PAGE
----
such operational concepts/recipes particularly thrive, where many species are still to
be discovered, for example, within prokaryotes, protozoa and fungi.
Frequently fooled by genetics
However, this is not as easy. Even Darwin said that there is no certain minimum
number of differences separating one species from the other. Phenotypes or, accordingly, the degree of morphological, physiological, ecological or other differences can
fool you, terribly. Actually, it has already
happened quite frequently. Over the last
decades a plethora of examples have accuAnything goes?
mulated revealing how a group of organThis fuzziness, however, could simply
isms, which had originally been included in
result from our own inability to recognise
one and the same species, actually turned
the appropriate boundaries, is the answer
out to be split into two or even more. Take
of those who, instead, consider species to
elephants, for example. Everybody thought,
be very real. After all, it’s not really
until recently, that there were only
important whether we humans rectwo species: the African and the Inognise the differences between two
dian elephant. After obtaining new
related species – the main thing is
data, researchers are now discussing
that the species themselves recogwhether in fact there are three difnise them. And, without a doubt,
ferent species living in Africa alone.
they do. Think, for example, of prey
Or, the Californian salamander Batand predator recognition; or think
rachoseps attenuatus: within only a
of parasites that are often able to acfew years, experts found that this
curately distinguish their favourite These Hawaiian happy face spiders look different but, since
supposed “species” actually forms
they can interbreed, they are considered the same species:
host from its closest relatives.
more than twenty separate ones.
All this clearly speaks for the no- Theridion grallator
These new insights are, of
tion that species are not merely an
course, primarily owed to methodabstract concept but do actually exist, claim
It is mainly the philosophers who are
ological advances enabling us to further
the “realos” in the field. Ernst Mayr explicrankled by pluralism. Wherever pluraldissolve additional differences between
itly stated, “The term ‘species’ refers to a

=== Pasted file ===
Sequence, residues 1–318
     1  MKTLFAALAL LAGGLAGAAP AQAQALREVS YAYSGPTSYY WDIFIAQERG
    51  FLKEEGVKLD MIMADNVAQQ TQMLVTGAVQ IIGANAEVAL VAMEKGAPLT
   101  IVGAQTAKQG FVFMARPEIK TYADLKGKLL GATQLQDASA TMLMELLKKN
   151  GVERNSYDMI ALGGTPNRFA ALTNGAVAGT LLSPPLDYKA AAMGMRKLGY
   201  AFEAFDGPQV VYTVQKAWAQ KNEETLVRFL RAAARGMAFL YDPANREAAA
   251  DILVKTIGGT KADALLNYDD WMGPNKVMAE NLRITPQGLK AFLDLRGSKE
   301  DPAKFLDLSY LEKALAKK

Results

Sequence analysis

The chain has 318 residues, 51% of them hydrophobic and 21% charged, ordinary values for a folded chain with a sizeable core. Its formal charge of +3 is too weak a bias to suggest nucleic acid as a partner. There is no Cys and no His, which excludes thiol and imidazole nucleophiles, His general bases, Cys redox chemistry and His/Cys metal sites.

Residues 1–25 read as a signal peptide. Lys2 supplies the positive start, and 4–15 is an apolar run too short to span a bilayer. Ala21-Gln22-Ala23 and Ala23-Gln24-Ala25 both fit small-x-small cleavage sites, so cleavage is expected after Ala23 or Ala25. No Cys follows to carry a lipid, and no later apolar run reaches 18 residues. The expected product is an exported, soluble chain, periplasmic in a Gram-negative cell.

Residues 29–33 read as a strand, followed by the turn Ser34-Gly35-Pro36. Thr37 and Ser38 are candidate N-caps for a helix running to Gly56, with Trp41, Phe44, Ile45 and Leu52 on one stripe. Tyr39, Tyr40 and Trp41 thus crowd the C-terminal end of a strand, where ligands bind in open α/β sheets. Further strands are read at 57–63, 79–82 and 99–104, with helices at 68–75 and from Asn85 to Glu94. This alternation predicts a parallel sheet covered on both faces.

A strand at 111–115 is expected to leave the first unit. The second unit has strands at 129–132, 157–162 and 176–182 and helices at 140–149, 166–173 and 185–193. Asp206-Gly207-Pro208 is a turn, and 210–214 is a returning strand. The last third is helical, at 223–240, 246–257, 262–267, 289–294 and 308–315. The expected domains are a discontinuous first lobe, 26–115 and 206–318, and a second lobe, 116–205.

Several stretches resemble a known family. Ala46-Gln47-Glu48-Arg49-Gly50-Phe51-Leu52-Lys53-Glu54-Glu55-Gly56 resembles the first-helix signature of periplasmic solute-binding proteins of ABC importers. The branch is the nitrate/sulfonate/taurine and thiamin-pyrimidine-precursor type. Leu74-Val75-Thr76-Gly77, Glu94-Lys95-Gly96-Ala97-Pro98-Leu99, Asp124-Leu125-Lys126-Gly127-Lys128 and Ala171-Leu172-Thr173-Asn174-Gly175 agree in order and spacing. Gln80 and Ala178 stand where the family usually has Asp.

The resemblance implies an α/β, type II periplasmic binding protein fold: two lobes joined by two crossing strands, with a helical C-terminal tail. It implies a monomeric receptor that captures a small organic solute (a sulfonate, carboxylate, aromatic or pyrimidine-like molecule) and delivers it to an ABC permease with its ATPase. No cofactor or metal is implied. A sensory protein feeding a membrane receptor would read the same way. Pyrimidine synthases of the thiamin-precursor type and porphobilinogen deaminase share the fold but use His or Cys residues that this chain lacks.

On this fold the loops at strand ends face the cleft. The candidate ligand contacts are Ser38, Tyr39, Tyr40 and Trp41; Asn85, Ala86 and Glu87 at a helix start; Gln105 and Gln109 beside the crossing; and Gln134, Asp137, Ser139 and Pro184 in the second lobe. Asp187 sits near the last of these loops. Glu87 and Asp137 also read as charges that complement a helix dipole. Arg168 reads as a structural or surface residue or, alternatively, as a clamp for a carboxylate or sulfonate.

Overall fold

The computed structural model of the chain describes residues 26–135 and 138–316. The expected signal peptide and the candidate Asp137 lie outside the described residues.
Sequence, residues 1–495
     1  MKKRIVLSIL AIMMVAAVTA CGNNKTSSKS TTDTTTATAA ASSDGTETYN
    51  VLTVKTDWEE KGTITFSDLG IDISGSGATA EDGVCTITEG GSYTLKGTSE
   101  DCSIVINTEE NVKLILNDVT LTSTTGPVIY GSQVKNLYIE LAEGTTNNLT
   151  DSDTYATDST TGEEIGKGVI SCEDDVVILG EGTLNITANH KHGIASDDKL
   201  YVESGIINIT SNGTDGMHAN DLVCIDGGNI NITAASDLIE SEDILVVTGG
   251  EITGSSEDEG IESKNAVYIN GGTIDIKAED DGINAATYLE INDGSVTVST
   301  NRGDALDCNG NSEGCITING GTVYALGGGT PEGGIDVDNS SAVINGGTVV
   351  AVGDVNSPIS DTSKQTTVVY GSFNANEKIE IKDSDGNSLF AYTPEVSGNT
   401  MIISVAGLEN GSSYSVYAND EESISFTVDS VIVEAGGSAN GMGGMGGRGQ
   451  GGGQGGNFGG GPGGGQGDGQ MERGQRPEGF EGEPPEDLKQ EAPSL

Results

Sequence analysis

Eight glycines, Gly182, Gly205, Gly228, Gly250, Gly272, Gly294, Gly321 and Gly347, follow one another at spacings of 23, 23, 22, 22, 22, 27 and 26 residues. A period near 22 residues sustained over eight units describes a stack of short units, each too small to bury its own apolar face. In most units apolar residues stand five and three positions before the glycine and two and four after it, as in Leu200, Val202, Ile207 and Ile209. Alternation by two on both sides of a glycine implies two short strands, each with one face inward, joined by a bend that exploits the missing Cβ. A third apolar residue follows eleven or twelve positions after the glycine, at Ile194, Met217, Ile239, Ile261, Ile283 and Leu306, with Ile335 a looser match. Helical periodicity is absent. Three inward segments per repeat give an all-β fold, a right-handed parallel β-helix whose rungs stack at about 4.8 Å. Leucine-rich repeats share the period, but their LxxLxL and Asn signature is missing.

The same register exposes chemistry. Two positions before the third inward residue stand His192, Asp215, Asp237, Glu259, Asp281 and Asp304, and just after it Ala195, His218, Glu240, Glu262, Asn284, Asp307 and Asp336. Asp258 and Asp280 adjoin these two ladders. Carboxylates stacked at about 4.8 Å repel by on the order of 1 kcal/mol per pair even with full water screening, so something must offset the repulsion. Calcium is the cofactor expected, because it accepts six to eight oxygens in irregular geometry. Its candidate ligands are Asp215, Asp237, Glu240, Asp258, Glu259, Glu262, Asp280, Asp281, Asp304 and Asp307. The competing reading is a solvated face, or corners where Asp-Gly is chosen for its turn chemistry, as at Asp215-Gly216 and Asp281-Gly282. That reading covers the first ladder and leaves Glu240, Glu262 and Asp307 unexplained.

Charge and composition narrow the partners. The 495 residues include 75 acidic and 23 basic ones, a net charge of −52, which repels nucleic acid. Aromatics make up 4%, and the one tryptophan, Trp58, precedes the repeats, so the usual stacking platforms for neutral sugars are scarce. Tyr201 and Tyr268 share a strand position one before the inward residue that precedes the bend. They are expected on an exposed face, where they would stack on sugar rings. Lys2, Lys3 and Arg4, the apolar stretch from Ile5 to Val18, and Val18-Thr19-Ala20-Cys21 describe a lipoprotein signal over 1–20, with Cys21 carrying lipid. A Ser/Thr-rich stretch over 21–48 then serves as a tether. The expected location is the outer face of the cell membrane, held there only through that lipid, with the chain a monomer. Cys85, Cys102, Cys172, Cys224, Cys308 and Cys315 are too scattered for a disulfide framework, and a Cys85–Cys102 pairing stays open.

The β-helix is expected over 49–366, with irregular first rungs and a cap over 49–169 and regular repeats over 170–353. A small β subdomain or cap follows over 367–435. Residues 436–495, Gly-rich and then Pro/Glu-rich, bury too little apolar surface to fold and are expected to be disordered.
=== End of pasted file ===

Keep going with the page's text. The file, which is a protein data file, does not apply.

ism lurks many of them scent conceptugroups of organisms to a much finer deconcrete phenomenon of nature. Just as the
al promiscuity and epistemological angree. The key term here is: sequence comwords ‘moon’ or ‘planet’ are technical terms
archy – and feel particularly challenged!
parisons. In the last two to three decades
for specific phenomena.”
That’s one reason why they have been
genetic or, more recently, genomic distancSome philosophy-oriented biologists or
meddling with verve in the discussion,
es have developed into a new, strong critebiology-oriented philosophers go even fursearching for the universal species conrion for the discrimination of species. Parther. They include species in the philosophcept on which all others could be based.
ticularly in cases where the existing criteical category of real and historical individuTo most biologists, on the other hand,
ria hardly worked, comparative genetics
als. One of their pioneers is the American,
pluralism concerning species concepts causand genomics have since opened up entireMichael Ghiselin, who considers a species
es relatively mild headaches, as only they
ly new possibilities for species identificaas a specific individual. Accordingly, a speknow what they are talking about. For many
tion: prokaryotes, protozoa, fungi, etc ...
cies consists of a number of historically and
of them, definitions have no more status
However, sequence comparison is cergenetically related organisms, each one of
than useful educational tools, whereby even
tainly no magic bullet either, even though
them in turn constituting an individual itthe exceptions can often be dealt with as
many had high hopes at first. Although
self. Like any other individual, therefore, a
“particularly interesting”.
rules of thumb for such molecular species
species exists at a certain time in a particudifferentiation have already been estabRecipes but concepts